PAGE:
Research shows that although preschool gives school starters a boost, this doesn’t last

by Freya Lucas

October 08, 2020

While children who attend early learning enter their schooling years with greater skills than their peers who do not attend early learning, this advantage is nearly halved by the end of the school year, and “non-early learning” counterparts quickly begin to close the gap, according to new research published by the American Psychological Association.

 

Dr Arya Ansari, lead author of the study, said that while ensuring that young children enter kindergarten ready to learn has been of great research and policy interest, “there have been lingering questions as to whether contemporary and scaled-up early learning programs provide children with enduring benefits as they progress throughout their educational careers.”

 

To gain more understanding about the longer term benefits of early learning, the researchers studied 2,581 children enrolled in kindergarten in a large, ethnically diverse county. All the participants were from low-income families that would qualify for Head Start or another subsidised preschool program. Slightly more than half (1,334) attended a preschool program while the rest did not.

 

The researchers assessed the children on their academic skills (e.g., literacy and math), executive functioning (a set of mental skills that includes working memory, flexible thinking and self-control) and socioemotional skills deemed important to academic success. The assessments were conducted at the start of the children’s first year of school, and again toward the end of their first year.

 

Those children who had participated in early learning, researchers found, entered kindergarten demonstrating stronger academic skills than those who did not attend preschool. The same was true for executive functioning, but there was no aggregate difference in kindergarten teachers’ reports of their socioemotional skills.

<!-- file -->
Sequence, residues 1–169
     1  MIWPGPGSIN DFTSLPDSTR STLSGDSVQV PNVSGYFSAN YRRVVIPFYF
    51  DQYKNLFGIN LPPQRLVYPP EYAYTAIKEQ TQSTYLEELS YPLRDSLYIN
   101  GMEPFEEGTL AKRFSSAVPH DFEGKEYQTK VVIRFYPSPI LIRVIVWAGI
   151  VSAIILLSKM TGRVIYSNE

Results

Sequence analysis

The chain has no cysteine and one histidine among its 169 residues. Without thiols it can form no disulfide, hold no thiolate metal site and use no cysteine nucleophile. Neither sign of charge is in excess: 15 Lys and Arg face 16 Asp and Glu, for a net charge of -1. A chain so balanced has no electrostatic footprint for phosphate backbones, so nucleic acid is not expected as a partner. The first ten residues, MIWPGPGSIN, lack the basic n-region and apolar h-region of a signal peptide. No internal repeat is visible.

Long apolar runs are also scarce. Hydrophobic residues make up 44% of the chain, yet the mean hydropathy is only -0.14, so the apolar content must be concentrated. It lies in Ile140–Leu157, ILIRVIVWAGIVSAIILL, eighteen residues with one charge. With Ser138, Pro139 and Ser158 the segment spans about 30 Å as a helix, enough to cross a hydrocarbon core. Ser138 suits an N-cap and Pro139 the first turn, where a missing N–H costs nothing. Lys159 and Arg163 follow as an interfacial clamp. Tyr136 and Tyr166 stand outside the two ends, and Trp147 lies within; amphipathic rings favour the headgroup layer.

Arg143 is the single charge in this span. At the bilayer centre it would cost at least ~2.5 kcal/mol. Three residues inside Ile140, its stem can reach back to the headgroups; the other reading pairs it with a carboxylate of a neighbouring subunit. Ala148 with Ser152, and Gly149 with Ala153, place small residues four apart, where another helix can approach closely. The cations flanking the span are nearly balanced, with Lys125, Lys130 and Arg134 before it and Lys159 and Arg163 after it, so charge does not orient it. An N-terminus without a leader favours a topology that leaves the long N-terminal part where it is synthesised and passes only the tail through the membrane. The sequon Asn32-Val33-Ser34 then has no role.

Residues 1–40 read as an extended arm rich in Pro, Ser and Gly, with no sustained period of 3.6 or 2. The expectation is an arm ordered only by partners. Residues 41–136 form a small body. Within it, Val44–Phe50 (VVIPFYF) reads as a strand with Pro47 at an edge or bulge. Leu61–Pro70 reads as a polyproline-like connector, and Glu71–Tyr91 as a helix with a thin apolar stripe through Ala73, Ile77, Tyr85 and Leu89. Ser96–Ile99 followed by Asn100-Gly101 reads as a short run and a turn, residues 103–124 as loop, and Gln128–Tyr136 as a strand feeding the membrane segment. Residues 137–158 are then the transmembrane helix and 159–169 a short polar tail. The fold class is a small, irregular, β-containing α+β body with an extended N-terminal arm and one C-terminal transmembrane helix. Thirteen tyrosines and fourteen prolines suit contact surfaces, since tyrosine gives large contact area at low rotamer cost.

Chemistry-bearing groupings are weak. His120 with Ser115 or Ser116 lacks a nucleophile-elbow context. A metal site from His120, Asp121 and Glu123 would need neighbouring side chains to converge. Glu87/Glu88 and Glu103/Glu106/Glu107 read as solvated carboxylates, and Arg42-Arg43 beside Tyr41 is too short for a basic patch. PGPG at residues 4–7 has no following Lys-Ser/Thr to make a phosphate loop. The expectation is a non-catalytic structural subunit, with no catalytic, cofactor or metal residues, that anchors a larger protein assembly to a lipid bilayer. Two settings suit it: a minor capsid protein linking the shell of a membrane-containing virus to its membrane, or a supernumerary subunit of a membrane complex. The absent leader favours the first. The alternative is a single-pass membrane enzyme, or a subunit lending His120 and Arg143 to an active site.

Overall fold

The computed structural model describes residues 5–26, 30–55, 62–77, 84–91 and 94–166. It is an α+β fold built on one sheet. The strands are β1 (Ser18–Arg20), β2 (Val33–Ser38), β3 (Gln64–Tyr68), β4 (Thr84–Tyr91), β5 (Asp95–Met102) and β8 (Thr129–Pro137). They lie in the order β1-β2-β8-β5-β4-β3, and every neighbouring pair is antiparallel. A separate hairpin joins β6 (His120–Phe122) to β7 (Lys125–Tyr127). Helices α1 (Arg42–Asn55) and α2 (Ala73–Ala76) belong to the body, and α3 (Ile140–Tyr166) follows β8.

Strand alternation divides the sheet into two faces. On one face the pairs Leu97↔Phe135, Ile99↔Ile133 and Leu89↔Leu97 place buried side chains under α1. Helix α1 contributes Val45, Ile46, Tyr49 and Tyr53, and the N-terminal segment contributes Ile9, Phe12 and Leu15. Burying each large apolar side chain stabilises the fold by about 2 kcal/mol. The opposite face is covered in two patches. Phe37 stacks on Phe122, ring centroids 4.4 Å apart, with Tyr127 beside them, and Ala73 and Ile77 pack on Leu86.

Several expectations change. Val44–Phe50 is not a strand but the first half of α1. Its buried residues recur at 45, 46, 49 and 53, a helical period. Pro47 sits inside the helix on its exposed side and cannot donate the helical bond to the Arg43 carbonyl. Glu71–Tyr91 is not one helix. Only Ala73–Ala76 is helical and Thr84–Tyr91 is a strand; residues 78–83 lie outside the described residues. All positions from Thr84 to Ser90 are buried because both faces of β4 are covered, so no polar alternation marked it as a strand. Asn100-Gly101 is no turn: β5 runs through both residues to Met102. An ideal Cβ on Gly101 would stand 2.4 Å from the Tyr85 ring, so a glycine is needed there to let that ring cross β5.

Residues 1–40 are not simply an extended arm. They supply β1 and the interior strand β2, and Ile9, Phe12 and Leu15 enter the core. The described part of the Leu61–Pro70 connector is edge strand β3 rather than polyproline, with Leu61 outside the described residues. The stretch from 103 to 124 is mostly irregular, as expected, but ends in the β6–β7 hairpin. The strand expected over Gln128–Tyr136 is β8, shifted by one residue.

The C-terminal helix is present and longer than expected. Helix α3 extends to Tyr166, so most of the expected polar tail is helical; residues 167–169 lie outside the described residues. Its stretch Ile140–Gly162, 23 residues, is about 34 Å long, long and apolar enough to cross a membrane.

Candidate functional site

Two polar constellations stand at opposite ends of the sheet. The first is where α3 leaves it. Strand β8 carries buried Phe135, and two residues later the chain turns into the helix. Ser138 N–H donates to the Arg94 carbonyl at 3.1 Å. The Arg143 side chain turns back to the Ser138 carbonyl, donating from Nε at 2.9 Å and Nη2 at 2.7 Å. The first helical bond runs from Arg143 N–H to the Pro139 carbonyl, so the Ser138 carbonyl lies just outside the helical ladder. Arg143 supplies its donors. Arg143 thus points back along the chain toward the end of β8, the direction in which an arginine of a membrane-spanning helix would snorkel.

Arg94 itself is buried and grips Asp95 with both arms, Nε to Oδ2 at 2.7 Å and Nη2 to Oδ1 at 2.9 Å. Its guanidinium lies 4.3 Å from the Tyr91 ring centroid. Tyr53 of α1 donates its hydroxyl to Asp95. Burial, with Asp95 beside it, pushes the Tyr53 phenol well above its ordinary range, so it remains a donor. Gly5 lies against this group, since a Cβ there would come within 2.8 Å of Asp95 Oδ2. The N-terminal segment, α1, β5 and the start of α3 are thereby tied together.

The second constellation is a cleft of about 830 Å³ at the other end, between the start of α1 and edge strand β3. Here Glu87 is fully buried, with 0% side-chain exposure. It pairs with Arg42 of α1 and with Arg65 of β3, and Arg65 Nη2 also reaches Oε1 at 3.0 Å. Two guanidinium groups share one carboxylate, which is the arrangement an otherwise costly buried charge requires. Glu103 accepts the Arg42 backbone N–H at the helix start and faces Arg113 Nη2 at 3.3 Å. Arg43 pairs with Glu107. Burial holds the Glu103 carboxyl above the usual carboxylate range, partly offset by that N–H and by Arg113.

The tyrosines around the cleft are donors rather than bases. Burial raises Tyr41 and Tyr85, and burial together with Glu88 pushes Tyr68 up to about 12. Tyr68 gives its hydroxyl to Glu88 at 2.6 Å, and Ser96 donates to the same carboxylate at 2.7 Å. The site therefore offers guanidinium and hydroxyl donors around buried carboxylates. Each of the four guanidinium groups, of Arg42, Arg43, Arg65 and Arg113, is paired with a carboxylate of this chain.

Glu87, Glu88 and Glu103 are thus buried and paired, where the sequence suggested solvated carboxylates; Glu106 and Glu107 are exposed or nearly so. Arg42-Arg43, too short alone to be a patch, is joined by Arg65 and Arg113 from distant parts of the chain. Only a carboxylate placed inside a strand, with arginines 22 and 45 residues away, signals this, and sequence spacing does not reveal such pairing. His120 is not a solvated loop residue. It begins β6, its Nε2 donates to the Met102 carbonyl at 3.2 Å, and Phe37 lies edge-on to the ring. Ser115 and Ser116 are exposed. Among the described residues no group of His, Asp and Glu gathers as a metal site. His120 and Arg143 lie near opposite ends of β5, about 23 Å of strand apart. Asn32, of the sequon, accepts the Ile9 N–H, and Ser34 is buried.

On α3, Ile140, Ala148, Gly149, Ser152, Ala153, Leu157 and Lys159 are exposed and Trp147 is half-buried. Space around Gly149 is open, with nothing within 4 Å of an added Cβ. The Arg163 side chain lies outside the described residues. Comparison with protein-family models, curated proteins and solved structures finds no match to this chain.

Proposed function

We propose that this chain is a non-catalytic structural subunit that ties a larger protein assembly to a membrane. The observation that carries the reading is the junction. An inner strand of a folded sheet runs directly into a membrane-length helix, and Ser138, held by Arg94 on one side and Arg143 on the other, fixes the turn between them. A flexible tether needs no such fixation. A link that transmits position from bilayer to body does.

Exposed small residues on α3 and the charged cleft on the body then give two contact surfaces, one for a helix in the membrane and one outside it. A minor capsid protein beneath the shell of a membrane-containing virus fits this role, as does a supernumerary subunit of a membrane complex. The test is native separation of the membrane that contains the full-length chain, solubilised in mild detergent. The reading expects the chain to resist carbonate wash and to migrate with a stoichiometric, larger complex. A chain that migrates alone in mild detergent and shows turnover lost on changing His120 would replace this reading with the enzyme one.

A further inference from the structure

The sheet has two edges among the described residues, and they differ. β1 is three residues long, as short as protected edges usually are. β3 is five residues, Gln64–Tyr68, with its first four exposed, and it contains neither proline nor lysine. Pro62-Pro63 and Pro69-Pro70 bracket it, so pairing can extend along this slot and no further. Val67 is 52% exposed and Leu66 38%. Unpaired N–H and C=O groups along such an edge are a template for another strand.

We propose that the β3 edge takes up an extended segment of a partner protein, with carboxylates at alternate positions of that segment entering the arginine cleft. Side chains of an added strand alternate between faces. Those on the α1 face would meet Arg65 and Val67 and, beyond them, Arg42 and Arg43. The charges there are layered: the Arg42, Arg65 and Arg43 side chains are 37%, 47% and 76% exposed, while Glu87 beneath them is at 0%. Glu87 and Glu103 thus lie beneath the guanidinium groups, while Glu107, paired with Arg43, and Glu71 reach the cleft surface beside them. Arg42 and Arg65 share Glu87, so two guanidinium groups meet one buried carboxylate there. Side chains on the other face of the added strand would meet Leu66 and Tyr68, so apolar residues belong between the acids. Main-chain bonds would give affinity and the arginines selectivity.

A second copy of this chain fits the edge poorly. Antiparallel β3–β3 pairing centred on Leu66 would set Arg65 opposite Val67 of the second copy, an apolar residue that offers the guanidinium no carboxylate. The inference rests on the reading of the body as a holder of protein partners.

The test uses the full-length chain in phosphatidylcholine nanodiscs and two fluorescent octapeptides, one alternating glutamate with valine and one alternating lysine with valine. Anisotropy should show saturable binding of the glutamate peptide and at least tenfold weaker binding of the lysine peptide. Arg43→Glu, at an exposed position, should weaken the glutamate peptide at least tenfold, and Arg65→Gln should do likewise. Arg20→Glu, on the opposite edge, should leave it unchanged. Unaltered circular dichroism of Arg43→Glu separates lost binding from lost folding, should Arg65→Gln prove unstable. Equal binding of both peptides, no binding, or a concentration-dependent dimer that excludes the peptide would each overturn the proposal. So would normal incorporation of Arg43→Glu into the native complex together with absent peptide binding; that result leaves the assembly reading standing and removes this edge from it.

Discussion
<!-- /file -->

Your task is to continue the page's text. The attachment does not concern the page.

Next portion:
However, Dr Ansari said, “We also found that the differences between attenders and nonattenders diminished, primarily because nonattenders who entered school for the first time in kindergarten made larger learning gains as compared with their classmates with pre-K experiences.”

 

Published in the journal Developmental Psychology, the research found that these differences in progress during kindergarten were not uniform across the board but varied by skillset, according to Dr Ansari. 

 

For example, for children who did not attend preschool, approximately 80 per cent of the difference in scores for literacy skills was erased over the course of the academic year, but this was the case for only 55 per cent of the difference in math skills and 45 per cent of the difference in vocabulary and general knowledge skills.

 

All of the children who engaged in the study demonstrated improvements in their academic and executive function skills in kindergarten, Dr Ansari said, but those who had completed early learning “made smaller improvements” than their peers who did not.

 

The research was only done with students from low-income families because other research shows that they enter kindergarten at a disadvantage academically, and significant public investment has been made to provide access to preschool programs to address these gaps, Dr Ansari explained. Therefore, caution is required when trying to generalize the findings to higher-income families, he said.

 

“One interesting part of our findings was that children’s classroom experiences in kindergarten had little to do with whether the benefits of early learning persist over time,” he said. 

 

“Instead, what our findings appear to suggest is that even though children’s skills are susceptible to improvement as a result of exposure to early learning, their longer-term outcomes are likely to be affected by factors that are outside the scope of early schooling. We need to view early learning as one of many investments we make to ensure that all children have an equal opportunity to succeed in life.”

 

Dr Ansari suggests future research should focus on understanding why pre-K graduates demonstrate fewer gains in kindergarten as compared with their peers who are just entering school for the first time. 

 

That research, he says, will require closer and more comprehensive inspection of children’s experiences during the kindergarten year.

 

To access the findings in full, please see here

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